Engineers & Planners Company Ltd.

Contracting, Mining Products
Ghana

[email protected]lanners.com

 

"Representatives of Italian oil and gas company Eni met recently with the Iranian oil minister to discuss a series of issues including contractual arrears, an Eni spokeswoman confirmed on Monday. Iranian news agency Tasnim cited the managing director of Iran's Petroleum Engineering and Development Company on Monday as saying Eni had held talks with minister Bijan Zanganeh 'a few days ago'. Eni, which stopped investing in Iran in 2001, is allowed to recoup previous investments by being paid in oil. 'Eni reiterated its interest in Iran, providing sanctions are lifted and contract terms are mutually favourable,' the spokeswoman said." (Reuters, "Eni discusses arrears in meeting with Iranian oil minister," 5/4/2015)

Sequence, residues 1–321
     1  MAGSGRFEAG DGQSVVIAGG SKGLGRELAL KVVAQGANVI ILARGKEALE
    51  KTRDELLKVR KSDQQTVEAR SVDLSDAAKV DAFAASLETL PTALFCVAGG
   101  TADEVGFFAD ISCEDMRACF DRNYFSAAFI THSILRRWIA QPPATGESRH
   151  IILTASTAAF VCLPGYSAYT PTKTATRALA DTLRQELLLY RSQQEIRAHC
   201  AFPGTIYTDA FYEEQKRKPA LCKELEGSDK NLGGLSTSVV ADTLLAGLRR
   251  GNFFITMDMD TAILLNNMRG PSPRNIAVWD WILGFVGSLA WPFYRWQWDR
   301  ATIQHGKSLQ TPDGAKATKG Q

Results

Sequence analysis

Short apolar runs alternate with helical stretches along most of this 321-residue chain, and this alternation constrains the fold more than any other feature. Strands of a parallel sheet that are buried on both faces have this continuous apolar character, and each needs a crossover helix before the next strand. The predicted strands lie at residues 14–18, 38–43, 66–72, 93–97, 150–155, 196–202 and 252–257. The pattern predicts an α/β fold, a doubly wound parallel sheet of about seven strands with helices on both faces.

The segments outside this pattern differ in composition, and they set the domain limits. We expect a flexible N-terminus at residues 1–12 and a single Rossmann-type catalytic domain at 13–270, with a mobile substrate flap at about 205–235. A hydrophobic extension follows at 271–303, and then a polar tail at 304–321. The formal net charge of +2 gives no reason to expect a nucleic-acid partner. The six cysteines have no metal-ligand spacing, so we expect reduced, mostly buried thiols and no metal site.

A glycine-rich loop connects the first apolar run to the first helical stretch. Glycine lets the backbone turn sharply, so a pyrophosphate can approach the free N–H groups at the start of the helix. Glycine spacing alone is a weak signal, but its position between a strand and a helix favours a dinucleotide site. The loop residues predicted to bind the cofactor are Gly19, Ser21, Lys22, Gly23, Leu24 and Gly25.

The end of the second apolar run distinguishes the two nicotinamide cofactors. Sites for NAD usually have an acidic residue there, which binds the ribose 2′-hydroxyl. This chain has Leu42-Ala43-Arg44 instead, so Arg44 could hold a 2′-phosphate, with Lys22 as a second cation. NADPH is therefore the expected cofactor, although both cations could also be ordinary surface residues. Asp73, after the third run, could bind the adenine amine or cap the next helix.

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"A U.S.-registered jet that reportedly landed in Iran, sparking a mystery over its intent in the heavily sanctioned country, is operated by a Ghanaian mining contractor, according to documents reviewed by The Wall Street Journal. The New York Times NYT reported on Friday that a corporate jet with a small U.S. flag was parked in Mehrabad Airport in Tehran, saying that the Bank of Utah was its owner. It also reported the bank acted as a trustee for investors in the plane. Documents show that the tiny bank is only holding the jet in trust to ‘ensure the eligibility of the aircraft for U.S. registration with the Federal Aviation Administration,’ according to a contract seen by The Journal. The firm operating the plane, according to that contract, is Engineers & Planners Company Ltd.—a Ghanaian contractor whose CEO Ibrahim Mahama is the younger brother of Ghana's President John Mahama. Engineers & Planners, whose website says it services mining companies, didn't respond immediately to emails and calls to its office phone didn't connect. It wasn't clear whether Ghana would be in violation of any Western sanctions against Iran The Bank of Utah—which lists only 13 branches on its website—said it ‘has no operational control, financial exposure and is not a lender’ for the jet. State Department spokeswoman Jennifer Psaki said Friday that U.S. sanctions regulations 'would generally prohibit U.S.-registered aircraft from flying to Iran,' but that it was up to the Treasury Department to determine if violations of sanctions rules had occurred. A Treasury representative said the department doesn't comment on specific cases. No one has accused the bank of violating any U.S. sanctions against Iran in relation to the country's nuclear program. An Iranian aviation official dismissed reports that an American plane landed in Tehran, according to the semiofficial Tehran Times…Engineers & Planners began operating the plane in June 2012, according to a company statement posted to independent local news website Modern Ghana at the time.” (Wall Street Journal, “U.S.-Registered Jet in Iran Is Ghanaian,” 4/18/14)